In the antiquarian section, Louisa Riley-Smith of London’s 20th Century Art Archives was showing her rare collection of Minimalist and Conceptual artist books from the last half century, with a particular focus on the 1960–80 period. “I try to bring the European conceptual artist to LA,” she told Hyperallergic. She said she loves the very young demographic that attends the event, and she mentioned that over the years she has seen the audience become more and more sophisticated when it comes to ephemera and artist books.
“This is a world-class fair; the quality and the range of material is great. I very much like being alongside the countercultural and psychedelia and these other things, because I don’t see artists’ books as hanging out in a space by themselves, so I love the cross-cultural connections of LA in particular.”
Riley-Smith’s booth features a strong selection of female artists of the 1970s, a special handmade book cover by Tracey Emin, and John Baldessari’s Fable (1977), the rarest item she brought.
I spotted LA-based art dealer Charlie James, and he updated me on his finds, including Richard Prince’s new LP for $75. Unique collages by Allen Ruppersberg were also being offered close by for $175.
LA-based curator and film programmer Erin Christovale was at the Black Lives Matter booth, which was part of the fair’s Friendly Fire section, where the theme was “the political meets the personal.” The inclusion of Black Lives Matter was a welcome sight after a controversy involving the group and the fair last year. “It came out of a conversation we had with Printed Matter,” Christovale told Hyperallergic. Last year, Black Lives Matter took issue with the fair commissioning an artwork with the letters BLM but not donating any of the proceeds to the organization. This year they were invited to take part, and they brought prints, posters, and zines by artists and activists who have created work about black narratives and identities, or that focus on the recent police violence against black people. One of the items is Too Fly Not to Fly, an alphabet book by Breanna McLean, which features photographs of the teacher’s former students from Chicago’s South Side and a guide for those who want to teach about the African American student experience in their own classrooms.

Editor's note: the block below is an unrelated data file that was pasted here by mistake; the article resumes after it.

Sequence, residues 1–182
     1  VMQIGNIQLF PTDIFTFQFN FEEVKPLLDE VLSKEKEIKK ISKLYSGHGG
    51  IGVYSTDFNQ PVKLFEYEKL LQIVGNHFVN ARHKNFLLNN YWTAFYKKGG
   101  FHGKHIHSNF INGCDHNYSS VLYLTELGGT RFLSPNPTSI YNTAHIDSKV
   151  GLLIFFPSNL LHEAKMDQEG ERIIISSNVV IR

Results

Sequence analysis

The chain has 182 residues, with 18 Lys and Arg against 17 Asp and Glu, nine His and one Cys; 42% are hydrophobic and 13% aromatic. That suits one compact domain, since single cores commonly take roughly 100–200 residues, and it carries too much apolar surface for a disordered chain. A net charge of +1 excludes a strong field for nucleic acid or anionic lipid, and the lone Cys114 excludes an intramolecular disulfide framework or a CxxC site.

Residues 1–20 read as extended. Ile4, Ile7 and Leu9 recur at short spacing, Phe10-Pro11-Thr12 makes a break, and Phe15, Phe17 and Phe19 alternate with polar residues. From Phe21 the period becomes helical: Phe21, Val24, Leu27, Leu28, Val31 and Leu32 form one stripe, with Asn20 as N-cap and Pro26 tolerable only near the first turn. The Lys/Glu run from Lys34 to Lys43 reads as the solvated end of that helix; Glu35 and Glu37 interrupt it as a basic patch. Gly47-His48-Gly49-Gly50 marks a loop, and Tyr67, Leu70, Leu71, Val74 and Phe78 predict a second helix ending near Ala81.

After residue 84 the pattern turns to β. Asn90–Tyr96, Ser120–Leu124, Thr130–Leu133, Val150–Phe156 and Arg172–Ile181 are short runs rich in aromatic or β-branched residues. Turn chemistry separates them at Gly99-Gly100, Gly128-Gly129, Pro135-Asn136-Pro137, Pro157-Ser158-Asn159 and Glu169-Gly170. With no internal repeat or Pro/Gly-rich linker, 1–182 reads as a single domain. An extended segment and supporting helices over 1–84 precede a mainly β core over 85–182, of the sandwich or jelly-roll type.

“The conversation here is still a very white space,” Christovale said of the fair. “I do see more people of color popping up and vending, so I don’t know if this conversation always communicates to the target audience, but we’re glad we’re here because it’s always great to show artists who are supporting this type of work.”
In 2016, Black Lives Matter is one of many important groups and projects that freely crisscross the boundaries of art, activism, and life. Richard Bell, whose “Aboriginal Embassy” project (2013–present) was part of last year’s Venice Biennale and New York’s Performa performance art festival, invited a number of artists to be part of his itinerant project. Among the works were new posters by Emory Douglas, who revisited his classic Black Panther–era images of revolution, empowerment, and solidarity.
For me, the most impactful piece at the fair was one of the smallest. In Bell’s booth, a print of his titled “Immigration Policy” simply imposed the words “YOU CAN GO NOW” on a map of modern-day Australian. Bell’s project has always been a poignant reminder of the violence of place, which shifts meaning for each individual based on his or her own history and ideology. In a time when immigration is being hotly debated in the United States by populations that have almost always benefited from lax immigration policies, this work reminds us that the privilege of citizenship is unevenly distributed. Even the LA Art Book Fair, like most of Los Angeles, is situated on the land of the Tongva, a people who now number less than 2,000 and were forced to assimilate first by the Spanish and then by the United States. “Immigration Policy” encapsulates for me what the book fair does best: inviting as many voices as possible to join the conversation, so we can find a new perspective that has the potential to change our own worldview.
The 2016 LA Art Book Fair continues at the Geffen Contemporary at MOCA (152 North Central Avenue, Japantown, Los Angeles) through February 15. Hyperallergic is the media sponsor.